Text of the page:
A lot of people are grumbling these days – some privately, some very publicly – about “political correctness.” They claim that we’ve gone overboard in our efforts not to offend, and that by doing so we are limiting the “free speech” guaranteed us by the First Amendment. Seriously?
OK, I agree that sometimes it gets cumbersome to write him or her, him/her, she/he or the diminutive “s/he” so as not to offend one gender or the other. And I often lose track of the currently most politically correct way to convey greetings for that certain holiday in December. But many anti-PCers are using the guise of their free speech rights to be downright rude, disrespectful, and unkind. It begs the question, “Didn’t your mother teach you any manners?”
I don’t think the framers of the constitution intended the guarantee of free speech to be an open license for bullying and bad language. I believe the intention was to protect our ability, as Americans, to express our opinions – even if they are against the government – without going to jail for it. We shouldn’t have to legislate good manners and common courtesy.
I’m a firm believer in open, honest communication. And I also believe you can be honest without being offensive. “Telling it like it is” should not apply to criticizing someone for things over which they have no control – their national origin, the color of their skin, their size, their health, their sexual orientation, etc.
Let’s get back to thinking before we speak. Let’s convey that we value other people by framing our words in a way that shows respect, not because it’s politically correct, but because it’s the right and courteous thing to do.
A while back I wrote a blog about the waning use of “please” and “thank you” and other courtesies that used to be commonplace. I ended with Karen’s Rules of Civility, inspired by George Washington’s list written so long ago. I’ll leave you with it again this time.
- Smile – even at a stranger – you never know what amazing things may come of it.
- Say “Please.” Always.
- Say “Thank you” and acknowledge the gift or deed or service received.
- Remember, we are all human; we have good days and bad days. Don’t glory in someone else’s bad day.
- Listen. Put down your cell phone and engage in conversation.
- Be kind to one another. (Borrowed from Ellen DeGeneres).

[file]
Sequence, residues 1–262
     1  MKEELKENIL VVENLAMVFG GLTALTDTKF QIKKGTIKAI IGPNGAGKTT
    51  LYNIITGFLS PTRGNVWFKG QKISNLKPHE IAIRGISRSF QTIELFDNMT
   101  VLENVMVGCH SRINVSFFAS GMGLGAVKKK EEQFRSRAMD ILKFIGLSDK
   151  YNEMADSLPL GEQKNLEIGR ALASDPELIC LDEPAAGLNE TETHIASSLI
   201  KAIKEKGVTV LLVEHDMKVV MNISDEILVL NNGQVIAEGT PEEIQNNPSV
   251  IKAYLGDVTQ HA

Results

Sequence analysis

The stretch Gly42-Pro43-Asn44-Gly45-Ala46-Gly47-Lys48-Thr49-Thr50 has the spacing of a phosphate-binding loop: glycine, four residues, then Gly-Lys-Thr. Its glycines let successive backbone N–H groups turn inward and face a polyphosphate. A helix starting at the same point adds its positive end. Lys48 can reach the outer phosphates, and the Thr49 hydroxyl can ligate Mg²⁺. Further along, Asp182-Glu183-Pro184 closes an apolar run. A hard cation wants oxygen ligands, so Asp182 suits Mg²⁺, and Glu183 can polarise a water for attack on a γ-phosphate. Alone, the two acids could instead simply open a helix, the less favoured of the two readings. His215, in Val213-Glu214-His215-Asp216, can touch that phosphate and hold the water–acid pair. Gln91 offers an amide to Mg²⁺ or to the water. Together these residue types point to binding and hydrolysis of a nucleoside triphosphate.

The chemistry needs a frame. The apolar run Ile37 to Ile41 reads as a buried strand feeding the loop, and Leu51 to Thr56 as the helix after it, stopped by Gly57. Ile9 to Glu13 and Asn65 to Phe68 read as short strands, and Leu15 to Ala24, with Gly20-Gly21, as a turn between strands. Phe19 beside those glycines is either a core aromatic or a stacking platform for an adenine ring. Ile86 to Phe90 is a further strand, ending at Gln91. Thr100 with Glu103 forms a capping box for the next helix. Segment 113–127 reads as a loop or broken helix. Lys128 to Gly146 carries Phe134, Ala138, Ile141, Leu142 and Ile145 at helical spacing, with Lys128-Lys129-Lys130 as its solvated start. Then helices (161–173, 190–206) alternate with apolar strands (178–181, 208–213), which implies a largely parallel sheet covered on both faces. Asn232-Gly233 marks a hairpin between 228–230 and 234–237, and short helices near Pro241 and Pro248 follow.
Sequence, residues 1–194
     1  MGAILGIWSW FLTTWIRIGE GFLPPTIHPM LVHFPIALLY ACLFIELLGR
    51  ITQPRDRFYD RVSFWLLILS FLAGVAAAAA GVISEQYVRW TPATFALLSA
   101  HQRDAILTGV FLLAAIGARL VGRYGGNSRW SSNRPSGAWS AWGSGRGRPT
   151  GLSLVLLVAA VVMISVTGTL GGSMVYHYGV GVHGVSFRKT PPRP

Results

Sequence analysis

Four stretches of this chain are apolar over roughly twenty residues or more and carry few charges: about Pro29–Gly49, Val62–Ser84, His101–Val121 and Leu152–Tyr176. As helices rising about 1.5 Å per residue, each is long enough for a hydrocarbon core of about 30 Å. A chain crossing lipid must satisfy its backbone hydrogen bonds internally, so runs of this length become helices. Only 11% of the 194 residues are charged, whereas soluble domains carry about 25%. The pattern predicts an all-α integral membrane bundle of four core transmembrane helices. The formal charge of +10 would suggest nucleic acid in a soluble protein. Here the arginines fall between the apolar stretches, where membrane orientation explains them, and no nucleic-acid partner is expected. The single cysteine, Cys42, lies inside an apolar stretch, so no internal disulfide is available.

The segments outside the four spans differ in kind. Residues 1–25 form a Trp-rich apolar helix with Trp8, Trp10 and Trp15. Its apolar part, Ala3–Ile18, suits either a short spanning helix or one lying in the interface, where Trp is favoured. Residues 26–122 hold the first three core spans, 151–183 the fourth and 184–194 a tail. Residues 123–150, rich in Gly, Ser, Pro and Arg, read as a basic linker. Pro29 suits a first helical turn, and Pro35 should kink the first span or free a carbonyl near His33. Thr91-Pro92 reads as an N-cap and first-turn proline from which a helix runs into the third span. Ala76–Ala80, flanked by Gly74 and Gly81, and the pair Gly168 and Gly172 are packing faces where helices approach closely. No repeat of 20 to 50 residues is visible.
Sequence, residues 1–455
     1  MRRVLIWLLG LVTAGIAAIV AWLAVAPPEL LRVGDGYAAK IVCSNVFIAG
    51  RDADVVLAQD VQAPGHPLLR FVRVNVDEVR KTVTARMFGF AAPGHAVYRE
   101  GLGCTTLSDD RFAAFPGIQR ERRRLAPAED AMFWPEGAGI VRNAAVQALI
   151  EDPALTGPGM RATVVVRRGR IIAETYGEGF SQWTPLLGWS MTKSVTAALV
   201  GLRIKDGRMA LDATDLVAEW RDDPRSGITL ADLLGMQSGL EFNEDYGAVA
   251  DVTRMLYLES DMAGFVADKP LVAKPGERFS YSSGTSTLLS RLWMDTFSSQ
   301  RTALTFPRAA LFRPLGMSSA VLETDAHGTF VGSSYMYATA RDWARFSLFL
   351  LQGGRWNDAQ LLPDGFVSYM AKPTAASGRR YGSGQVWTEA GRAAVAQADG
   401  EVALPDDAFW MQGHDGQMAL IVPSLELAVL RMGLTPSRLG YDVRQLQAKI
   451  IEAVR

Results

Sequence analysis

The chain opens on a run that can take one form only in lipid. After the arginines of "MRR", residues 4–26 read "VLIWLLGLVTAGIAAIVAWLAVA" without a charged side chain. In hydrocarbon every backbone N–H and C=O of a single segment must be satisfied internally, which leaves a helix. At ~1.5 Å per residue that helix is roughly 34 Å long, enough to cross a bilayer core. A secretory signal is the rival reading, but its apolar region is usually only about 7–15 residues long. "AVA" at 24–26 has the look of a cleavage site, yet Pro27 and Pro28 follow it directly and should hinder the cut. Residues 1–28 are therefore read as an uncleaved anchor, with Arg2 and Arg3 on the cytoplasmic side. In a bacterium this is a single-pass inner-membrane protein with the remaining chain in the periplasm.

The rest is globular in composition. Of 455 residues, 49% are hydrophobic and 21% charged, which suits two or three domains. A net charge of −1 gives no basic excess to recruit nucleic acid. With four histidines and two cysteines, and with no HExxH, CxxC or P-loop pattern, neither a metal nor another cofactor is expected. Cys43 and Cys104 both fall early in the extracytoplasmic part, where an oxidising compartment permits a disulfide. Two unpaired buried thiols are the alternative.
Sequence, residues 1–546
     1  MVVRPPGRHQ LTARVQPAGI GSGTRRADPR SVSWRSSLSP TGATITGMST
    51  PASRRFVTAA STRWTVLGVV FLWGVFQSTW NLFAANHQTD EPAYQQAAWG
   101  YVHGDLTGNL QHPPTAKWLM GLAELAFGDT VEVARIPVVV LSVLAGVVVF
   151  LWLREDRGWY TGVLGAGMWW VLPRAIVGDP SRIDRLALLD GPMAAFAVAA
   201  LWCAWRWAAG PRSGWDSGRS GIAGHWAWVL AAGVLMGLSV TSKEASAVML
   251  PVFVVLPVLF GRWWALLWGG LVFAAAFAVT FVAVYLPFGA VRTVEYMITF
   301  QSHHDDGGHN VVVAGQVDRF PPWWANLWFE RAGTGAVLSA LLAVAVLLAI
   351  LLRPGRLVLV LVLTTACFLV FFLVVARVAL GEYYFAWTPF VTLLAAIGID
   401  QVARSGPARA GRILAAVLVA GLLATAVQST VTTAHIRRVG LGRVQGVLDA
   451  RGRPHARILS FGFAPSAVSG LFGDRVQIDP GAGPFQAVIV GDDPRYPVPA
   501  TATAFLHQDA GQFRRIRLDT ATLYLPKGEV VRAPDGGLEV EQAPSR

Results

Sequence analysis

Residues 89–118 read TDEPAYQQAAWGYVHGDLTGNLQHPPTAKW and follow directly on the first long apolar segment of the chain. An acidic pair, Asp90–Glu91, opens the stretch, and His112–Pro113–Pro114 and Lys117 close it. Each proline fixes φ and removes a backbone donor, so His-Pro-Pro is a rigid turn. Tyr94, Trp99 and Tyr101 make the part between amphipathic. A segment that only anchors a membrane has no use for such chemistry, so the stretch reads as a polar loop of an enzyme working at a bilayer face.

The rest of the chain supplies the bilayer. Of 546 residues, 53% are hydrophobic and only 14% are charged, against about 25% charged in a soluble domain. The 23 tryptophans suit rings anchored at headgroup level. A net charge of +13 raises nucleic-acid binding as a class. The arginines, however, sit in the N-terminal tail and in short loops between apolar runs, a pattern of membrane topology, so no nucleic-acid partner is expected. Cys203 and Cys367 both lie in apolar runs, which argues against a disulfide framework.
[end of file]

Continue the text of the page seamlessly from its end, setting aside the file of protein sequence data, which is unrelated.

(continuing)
- Say: “Yes, and…” not “Yes, but…” Be positive! See the possibilities…
- Tell the truth. Mark Twain once said, “If you tell the truth, you don’t have to remember anything.”
Till next time,
Unless you’ve had your head buried in the sand for the past nine months or so (and who would blame you?) you’ve probably felt the effects of the big black cloud of negativity that’s looming about. I see it hovering in the buildings of the organizations I work with, reflected in the grim expressions of people on the street, and bolstered by the politicians and pundits we hear every…single…day. Even Pollyanna might have difficulty finding something to be glad about today.
So what are we to do? Give in to the negativity? No! Despite what’s going on around you, you have a choice as to how you respond to it, just like in this Native American legend.
One evening an old Cherokee was teaching his grandson about life. "A fight is going on inside me," he said to the boy. "It is a terrible fight and it is between two wolves. One is evil - he is anger, envy, sorrow, regret, greed, arrogance, self-pity, guilt, resentment, inferiority, lies, false pride, superiority, and ego."
"The other is good - he is joy, peace, love, hope, serenity, humility, kindness, benevolence, empathy, generosity, truth, compassion, and faith. The same fight is going on inside you - and inside every other person, too."
The grandson thought about it for a minute and then asked his grandfather, "Which wolf will win?"
The old Cherokee simply replied, "The one you feed."
I’m here to suggest that you feed the right wolf. Make a conscious effort to focus on the positive, and increase what Shirzad Chamine calls your “positive intelligence” (PQ). Not only will you be happier, you’ll improve your relationships, increase your success at work, and, let’s face it, be a lot more fun to be around!
Here are some ideas for feeding the right wolf.
• Think about one thing that is causing you a lot of stress. Now think of three ways you can turn that into an opportunity.
• Practice saying “Yes, and…” instead of “Yes, but…”
• Keep a gratitude journal. Every day, write down something positive about the day.
• Surround yourself with positive people.
• Turn off the news and turn on a comedy.
• Get away from your computer and go for a walk, a hike, a run or some other activity OUTSIDE.
• Watch kids at play.
Let’s make positivity “trending…”
“You cannot have a positive life and a negative mind.” – Joyce Meyer
Till next time,